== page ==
Merck RotaVirus Vaccine Risks

The Associated Press reports that a newly approved, Merck vaccine against rotavirus in infants, has been linked to 28 cases of a life-threatening intestine condition, intussusception.
 
A prior rotavirus vaccine, RotaShield, manufactured by Wyeth, was pulled from the U.S. market in 1999 after it was linked to a small increase in intussusception.

The order, issued on Friday before Super Bowl, mandating all six grade girls
to be vaccinated with Merck's HPV vaccine, Gardasil, is rescinded.
Critics–including AHRP–recognized that  "Perry's end run around the news
cycle and the Legislature is less about women's health than it is about
lobby dollars and commissions."

Indeed, Fox News reported that Merck doubled its spending on lobbyists in
Texas this year, to between $150,000 and $250,000, as lawmakers consider the
vaccine bill for girls entering the sixth grade.
http://www.foxnews.com/story/0,2933,248781,00.html

For Merck, this was an investment worth making. inasmuch as the vaccine is
projected to bring in over a billion dollars annually–multi-billions if
mandatory. Gardasil does NOT prevent all sexually transmitted cancer or
other sexually transmitted diseases. It may potentially lead to INCREASED
cervical cancer if vaccinated women think they are protected and fail to
have PAP smear tests.

Merck's aggressive marketing of Gardasil is a cynical effort to shift the
company's financial burden from its Vioxx lititgation to taxpayers.
Merck's marketing strategy for the HPV vaccine was intended to "Help Pay for
Vioxx."

The public has a right to know the $$ amount Merck spent on lobbying–in
particular how much Merck gave Women in Government to lobby on behalf of
mandatory Gardasil vaccination for girls. Susan Crosby, President of WIG
declined to specify how much the drug company gave.

Merck spokeswoman Janet Skidmore said: "We disclosed the fact that we
provide funding to this organization." She would not say how much the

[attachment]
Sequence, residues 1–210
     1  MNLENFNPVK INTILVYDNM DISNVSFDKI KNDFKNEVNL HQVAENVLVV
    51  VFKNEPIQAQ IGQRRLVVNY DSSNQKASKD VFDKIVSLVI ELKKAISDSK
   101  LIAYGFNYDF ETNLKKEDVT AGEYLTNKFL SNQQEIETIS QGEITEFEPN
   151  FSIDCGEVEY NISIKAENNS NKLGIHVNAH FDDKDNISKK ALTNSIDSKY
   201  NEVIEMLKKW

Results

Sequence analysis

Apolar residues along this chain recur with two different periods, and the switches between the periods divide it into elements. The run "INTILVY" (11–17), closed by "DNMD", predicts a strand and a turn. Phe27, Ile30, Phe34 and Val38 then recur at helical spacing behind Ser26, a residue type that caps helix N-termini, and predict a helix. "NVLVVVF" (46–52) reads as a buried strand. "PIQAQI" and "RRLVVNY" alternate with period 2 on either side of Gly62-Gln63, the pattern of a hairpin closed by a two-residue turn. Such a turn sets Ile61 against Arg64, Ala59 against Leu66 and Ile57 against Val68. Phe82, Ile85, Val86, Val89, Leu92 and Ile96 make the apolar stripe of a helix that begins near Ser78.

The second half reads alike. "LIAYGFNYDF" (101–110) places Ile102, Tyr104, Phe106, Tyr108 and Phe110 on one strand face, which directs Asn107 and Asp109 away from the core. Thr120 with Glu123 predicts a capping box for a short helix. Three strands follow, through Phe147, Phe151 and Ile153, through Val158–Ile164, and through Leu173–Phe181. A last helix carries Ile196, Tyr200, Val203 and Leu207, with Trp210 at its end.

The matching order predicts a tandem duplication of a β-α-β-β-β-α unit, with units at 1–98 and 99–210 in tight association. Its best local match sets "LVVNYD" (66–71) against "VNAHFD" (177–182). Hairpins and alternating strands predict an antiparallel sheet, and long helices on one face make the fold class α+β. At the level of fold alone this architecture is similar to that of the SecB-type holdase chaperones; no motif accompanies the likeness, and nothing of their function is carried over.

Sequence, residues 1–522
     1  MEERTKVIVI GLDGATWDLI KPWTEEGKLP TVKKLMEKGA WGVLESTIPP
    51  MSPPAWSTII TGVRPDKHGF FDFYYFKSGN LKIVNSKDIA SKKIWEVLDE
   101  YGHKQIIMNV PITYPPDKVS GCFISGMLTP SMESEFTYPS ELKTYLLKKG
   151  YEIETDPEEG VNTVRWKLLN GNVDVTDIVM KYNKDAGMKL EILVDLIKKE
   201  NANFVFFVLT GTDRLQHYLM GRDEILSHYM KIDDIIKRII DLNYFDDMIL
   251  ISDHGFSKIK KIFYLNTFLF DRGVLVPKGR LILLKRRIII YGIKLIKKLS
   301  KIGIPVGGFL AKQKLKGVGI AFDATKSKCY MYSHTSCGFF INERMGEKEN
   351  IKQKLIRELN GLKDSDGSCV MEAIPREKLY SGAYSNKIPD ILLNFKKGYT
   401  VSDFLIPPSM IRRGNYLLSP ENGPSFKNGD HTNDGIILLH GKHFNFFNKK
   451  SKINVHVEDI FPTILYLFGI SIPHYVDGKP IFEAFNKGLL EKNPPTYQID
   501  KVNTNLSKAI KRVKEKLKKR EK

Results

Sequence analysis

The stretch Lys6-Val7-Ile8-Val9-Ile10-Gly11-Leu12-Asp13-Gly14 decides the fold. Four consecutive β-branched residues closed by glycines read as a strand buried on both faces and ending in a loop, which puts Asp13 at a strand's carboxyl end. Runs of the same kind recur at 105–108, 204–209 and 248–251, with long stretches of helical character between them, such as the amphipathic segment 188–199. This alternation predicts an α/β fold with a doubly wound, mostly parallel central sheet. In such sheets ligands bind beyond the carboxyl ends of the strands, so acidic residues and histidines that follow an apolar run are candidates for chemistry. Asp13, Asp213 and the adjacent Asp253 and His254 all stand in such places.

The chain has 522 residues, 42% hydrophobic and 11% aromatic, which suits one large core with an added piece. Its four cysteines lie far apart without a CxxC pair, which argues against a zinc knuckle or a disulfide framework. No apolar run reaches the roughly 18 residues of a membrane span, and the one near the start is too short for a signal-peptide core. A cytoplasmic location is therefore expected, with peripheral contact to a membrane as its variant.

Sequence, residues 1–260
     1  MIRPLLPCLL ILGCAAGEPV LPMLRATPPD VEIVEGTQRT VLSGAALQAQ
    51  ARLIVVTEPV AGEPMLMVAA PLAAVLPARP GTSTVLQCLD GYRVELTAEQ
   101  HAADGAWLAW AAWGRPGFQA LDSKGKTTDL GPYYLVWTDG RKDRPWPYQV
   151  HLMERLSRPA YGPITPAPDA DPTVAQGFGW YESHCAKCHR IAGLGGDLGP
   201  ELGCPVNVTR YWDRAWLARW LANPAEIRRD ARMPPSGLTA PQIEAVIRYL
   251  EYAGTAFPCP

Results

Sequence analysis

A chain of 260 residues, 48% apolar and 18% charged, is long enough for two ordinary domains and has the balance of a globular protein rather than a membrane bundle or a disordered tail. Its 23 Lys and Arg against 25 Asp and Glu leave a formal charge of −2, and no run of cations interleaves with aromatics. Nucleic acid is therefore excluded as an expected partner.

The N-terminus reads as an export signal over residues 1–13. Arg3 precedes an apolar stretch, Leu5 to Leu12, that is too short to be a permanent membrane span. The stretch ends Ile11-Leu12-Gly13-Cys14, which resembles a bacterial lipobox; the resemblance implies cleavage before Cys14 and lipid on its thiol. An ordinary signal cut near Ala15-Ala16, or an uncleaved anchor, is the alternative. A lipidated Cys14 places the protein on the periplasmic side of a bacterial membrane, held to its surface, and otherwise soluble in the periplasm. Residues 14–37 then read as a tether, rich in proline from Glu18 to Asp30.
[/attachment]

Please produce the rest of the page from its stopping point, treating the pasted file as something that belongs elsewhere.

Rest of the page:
company is spending on lobbyists or how much it has donated to Women in
Government.

"Ironically, the most enduring thing to come out of this firestorm is
discovering that Executive Orders by Texas Governors carry no force of law.
The Governor directed State agencies to draft rules. They are under no
compulsion to do so. The Governor directed funds be spent on a program. That
power belongs to the Legislature. The Governor tried to direct school
districts to require the vaccine. He has no legal authority to do so.
This may yet prove to be a good idea. But all Perry has done so far is
infuriate allies and enemies alike."

Let this be a warning to all those who attempt to side-step parental rights
and public debate by conducting medical or mental screens–e.g.
TeenScreen–in America's schools. The goal is to broaden the consumer market
for medical products. It is a back door approach of providing unsolicited
medical interventions that expose children to risks of harm.

 

Contact: Vera Hassner Sharav
212-595-8974
veracare@ahrp.org
~~~~~~~~~

http://news.yahoo.com/s/ap/20070213/ap_on_he_me/rotavirus_vaccine_1
FDA warns of vaccine complications
By ANDREW BRIDGES, Associated Press

The government warned doctors and parents Tuesday of reports of potentially
life-threatening twisting of the intestines in infants vaccinated against a
virus that is the leading cause of early childhood diarrhea.

The condition, called intussusception, is the same that led to the
withdrawal of the first rotavirus vaccine eight years ago.

The Food and Drug Administration said it was unknown whether the recently
approved vaccine, called RotaTeq, caused the 28 new cases. The condition
also can occur spontaneously. Still, the agency said it was issuing the
warning in part to encourage reporting of any additional cases of intestinal
twisting or blockage to help it assess any risks associated with the
three-shot vaccine series.